Source: Demolition worker had drugs in system after collapse

Griffin Campbell and Sean Benschop

June 7, 2013 12:51:49 PM PDT
Police sources tell Action News that the man who was operating a piece of heavy equipment ahead of a building collapse that killed six people in Center City Philadelphia had drugs in his system after the incident.

Sean Benschop was allegedly using the equipment on Wednesday morning to demolish a building at 22nd and Market. A wall of the building fell, crushing an adjacent Salvation Army thrift shop.

On Friday, police sources told Action News that preliminary blood tests revealed marijuana in Benschop's systems.

In addition, police sources say, he allegedly admitted to taking codeine and other prescription drugs and had a soft cast on one arm up to his elbow.

This news comes as a lawsuit against demolition contractor Griffin Campbell gained speed as the rescue operation from Wednesday's collapse wound down.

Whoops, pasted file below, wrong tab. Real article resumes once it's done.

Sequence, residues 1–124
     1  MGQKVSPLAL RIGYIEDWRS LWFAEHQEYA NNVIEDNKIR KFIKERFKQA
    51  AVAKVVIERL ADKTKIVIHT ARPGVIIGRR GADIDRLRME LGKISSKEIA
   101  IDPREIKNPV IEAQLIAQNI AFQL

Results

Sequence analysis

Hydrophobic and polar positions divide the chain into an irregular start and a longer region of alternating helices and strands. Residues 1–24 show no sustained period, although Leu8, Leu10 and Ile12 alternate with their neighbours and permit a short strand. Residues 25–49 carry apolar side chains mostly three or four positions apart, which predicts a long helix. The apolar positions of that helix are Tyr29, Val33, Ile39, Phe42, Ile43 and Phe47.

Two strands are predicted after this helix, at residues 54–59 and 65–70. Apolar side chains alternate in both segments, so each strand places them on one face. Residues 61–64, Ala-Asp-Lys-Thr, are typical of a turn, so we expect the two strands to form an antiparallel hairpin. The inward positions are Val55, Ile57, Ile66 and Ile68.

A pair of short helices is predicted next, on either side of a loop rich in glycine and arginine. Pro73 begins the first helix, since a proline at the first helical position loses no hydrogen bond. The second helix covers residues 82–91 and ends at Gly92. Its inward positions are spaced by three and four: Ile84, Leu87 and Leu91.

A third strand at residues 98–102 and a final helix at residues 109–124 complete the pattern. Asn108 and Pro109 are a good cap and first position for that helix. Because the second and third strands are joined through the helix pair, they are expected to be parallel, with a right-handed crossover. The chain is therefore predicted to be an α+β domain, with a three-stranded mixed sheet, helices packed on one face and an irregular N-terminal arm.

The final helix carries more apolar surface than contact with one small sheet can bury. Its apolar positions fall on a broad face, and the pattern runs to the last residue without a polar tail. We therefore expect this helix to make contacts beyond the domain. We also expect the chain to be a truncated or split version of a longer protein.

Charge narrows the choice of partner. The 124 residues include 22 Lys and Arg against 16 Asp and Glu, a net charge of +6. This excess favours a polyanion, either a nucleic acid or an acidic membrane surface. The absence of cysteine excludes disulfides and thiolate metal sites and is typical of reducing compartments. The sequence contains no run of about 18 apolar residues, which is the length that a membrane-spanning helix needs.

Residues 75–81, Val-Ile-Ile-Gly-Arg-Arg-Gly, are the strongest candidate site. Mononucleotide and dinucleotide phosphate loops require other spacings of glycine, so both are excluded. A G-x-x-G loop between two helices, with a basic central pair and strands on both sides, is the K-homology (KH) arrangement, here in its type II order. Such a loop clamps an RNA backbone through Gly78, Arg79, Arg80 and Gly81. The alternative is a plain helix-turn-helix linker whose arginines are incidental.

A worker at a Salvation Army store adjacent to a building in the process of being torn down was sorting clothes when she heard rumbling and was suddenly buried, a lawyer for her said Friday as a shopper joined the woman in her lawsuit against the demolition contractor.

Nadine White, a 54-year-old mother of three, had worked at the thrift store for about eight months. She was in the back of the store when she "heard a rumble and a wall collapsed on her," attorney Larry Bendesky said.

A second plaintiff, Linda Bell, joined the lawsuit. Bell, a 50-year-old mother of three, was shopping when the collapse happened. She fell into the basement and was covered by rubble for more than an hour.

"She's pretty shook up, in a lot of pain," her attorney Joseph Marrone said.

Also on Friday, Philadelphia Mayor Michael Nutter said the city is changing the way buildings are demolished in response the collapse.

Speaking to reporters, Nutter said that every active demolition site in the city is being inspected for safety.

All new demolition activities will have new standards for permission, including site safety plans, inspections by engineers and prohibitions on the use of machinery if the site is next to an occupied building.

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